Do you have an elbow pain? Medial side? If yes, you may have a medial epicondyle tendinopathy also know as a golfer’s elbow.
 
Golfer’s elbow is a common sport’s tendinitis injury from the overload, which has pain at the point of the forearm tendons (flexor group) attach to the inside of elbow’s bony. Sometimes the pain may radiate down on the ulnar side of the forearm (inner side), wrist and fingers. This condition develops from irritation of the tendons especially the inside of the forearm and then inflammation and painful. This symptom is usually found in golfers due to this sport requires the movement of the flexor pronator muscles.
 

Symptoms

  • Tenderness and pain on the inner side of elbow. Sometimes the pain may down to the forearm (inner side) and wrist. In some case, the pain can radiate up to the arm too. Some movement pattern may activate the pain.
  • Weakness in the wrist and hand (weakness of hand grip)
  • Stiffness around the elbow
  • May experience some sensations radiating down to the forearm such as numbness or tingling down to fingers (ring and little fingers)
  • Resisted flexion of the wrist or pronation can aggravated the pain. May feel worse when do some activities such as shake hands, swing a racket or golf club, lift somethings, picking up an item with palm down, flex your wrist and turn a doorknob
 

Causes

 
Normally, golfer’s elbow is caused by overusing the muscles and repetitive activities such as flexing, gripping, or swinging. All of those activities can cause frequently tears on the flexor carpi radialis and pronator teres. But it can also tear in the palmaris longus, flexor digitorum superficialis and flexor carpi ulnaris too. Mostly this conditions may affected golfers but it can lead to the other things include playing sports that use a racket, playing sports that needs a lots of throwing movement, repetitive movement such as painting and weight training.
 

Nonsurgical treatment

 
Physical therapy management
 
  1. Starts with ‘PRICEMM’ (P = prevention/protection, R = rest, I = ice, C = compression, E = elevation, M = modalities and M = medication):
  2. Stop doing some activities especially the offending activities (not suggest to stop all activities because it will affect to the muscle atrophy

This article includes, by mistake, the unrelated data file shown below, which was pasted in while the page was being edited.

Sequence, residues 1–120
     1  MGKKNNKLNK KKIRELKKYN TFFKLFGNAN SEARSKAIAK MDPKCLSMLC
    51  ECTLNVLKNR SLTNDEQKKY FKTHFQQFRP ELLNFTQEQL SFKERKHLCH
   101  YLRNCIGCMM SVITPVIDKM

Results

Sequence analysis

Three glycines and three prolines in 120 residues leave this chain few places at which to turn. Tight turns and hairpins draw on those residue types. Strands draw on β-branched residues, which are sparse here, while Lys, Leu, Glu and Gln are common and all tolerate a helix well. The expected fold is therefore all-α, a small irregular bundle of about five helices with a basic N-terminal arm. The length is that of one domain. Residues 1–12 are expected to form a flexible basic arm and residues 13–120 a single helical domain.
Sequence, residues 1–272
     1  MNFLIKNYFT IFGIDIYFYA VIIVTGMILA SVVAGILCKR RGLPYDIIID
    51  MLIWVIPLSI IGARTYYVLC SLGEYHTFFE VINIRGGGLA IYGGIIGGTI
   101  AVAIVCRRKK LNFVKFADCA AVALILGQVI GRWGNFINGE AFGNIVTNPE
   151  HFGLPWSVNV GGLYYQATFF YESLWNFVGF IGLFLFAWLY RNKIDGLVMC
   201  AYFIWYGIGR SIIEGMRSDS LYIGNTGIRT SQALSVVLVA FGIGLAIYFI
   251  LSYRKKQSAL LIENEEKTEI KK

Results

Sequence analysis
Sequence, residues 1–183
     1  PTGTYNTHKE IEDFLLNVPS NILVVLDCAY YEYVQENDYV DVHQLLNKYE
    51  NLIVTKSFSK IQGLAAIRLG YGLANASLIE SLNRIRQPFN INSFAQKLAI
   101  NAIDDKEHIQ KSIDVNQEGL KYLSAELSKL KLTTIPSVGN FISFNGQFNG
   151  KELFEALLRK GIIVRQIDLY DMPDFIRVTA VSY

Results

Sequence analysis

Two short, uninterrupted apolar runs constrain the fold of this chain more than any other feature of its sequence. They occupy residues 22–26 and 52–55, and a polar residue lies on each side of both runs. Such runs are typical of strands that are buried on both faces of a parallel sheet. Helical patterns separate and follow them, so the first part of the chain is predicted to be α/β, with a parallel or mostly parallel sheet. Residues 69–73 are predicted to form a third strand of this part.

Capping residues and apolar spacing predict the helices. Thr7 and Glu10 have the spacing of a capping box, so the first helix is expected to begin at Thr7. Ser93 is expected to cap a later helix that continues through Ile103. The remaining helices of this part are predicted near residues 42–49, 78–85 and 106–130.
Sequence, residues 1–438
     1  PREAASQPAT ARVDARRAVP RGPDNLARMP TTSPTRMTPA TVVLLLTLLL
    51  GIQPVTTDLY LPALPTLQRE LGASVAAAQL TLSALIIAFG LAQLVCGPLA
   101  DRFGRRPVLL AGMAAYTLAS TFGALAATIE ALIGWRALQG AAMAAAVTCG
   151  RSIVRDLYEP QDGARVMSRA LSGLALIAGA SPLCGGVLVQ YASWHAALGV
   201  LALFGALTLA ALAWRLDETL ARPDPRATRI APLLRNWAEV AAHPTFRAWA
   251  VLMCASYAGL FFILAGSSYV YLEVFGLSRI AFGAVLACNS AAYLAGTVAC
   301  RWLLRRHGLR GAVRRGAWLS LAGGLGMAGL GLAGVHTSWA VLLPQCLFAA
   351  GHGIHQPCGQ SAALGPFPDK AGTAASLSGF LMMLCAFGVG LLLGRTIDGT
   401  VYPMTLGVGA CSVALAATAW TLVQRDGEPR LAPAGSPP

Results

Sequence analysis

3. Apply ice around the pain area 3-4 times per day (15-20 minutes)
  4. Take non-steroidal anti-inflammatory medication (NSAID)
  5. Wearing support such as elbow brace or night splint
  6. Using physical therapy modality (ultrasound and high-voltage galvanic stimulation)
 

Manual therapy:

  1. Mobilization (gentle joint movement)
  2. Soft-tissue massage
  3. Stretching elbow, forearm, hand and also shoulder and thoracic spine due to these areas can be affected by muscle imbalances along the chain of muscles and connective tissue involving the elbow.
  4. Muscle Energy Techniques (METs) for improving range of motions
 

Exercise:

  1. Start with isometric exercise (muscle contractions) and stretching
  2. Resistance exercises to strengthened weaker muscles by using weights, balls, or resistance bands).
 
Example exercise:
  1. Ball squeezes: put the ball in the affected hand’s palm and then squeeze and release the ball.
  2. Resisted forearm pronation and supination: hold a weight in the affected hand, rest the arm on the table for stability and then rotate the hand downward and upward.
  3. Resisted wrist flexion: hold a weight in the affected hand, rest the arm on the table with the palm facing upwards and then bend your wrist and hand upward.
  4. Wrist flexor stretching: stretch the affected arm out in front of your body, with your palm facing upwards then using the other hand, pull the affected hand back and towards your body.
 
Chinese medicine treatment
 
  1. Acupuncture: Using a filament needles (very thin) into specific points of the body, which these points are parallel with 12 invisible pathways (Traditional Chinese Medicine refers to as ‘Meridians’). The needle can unblock the flow of energy (Qi) and bring back the normal flow of energy that can heal the symptoms.
  2. Cupping: using a fire into the cup and placing cups on the skin to create suction. Cups are left on the skin for creating distinctive circular-shaped marks, which help to increase blood flow and promotes healing. Normally, cups are left on the skin for 5-20 minutes.
  3. Tuina (Chinese medical massage): massage soft tissue and manipulate the musculoskeletal, which can establishes a flow of Qi to heal body by itself

 

References
 
 
 
 
Chavisa Wasinchutchwal (PT)
Pain Away LINE Account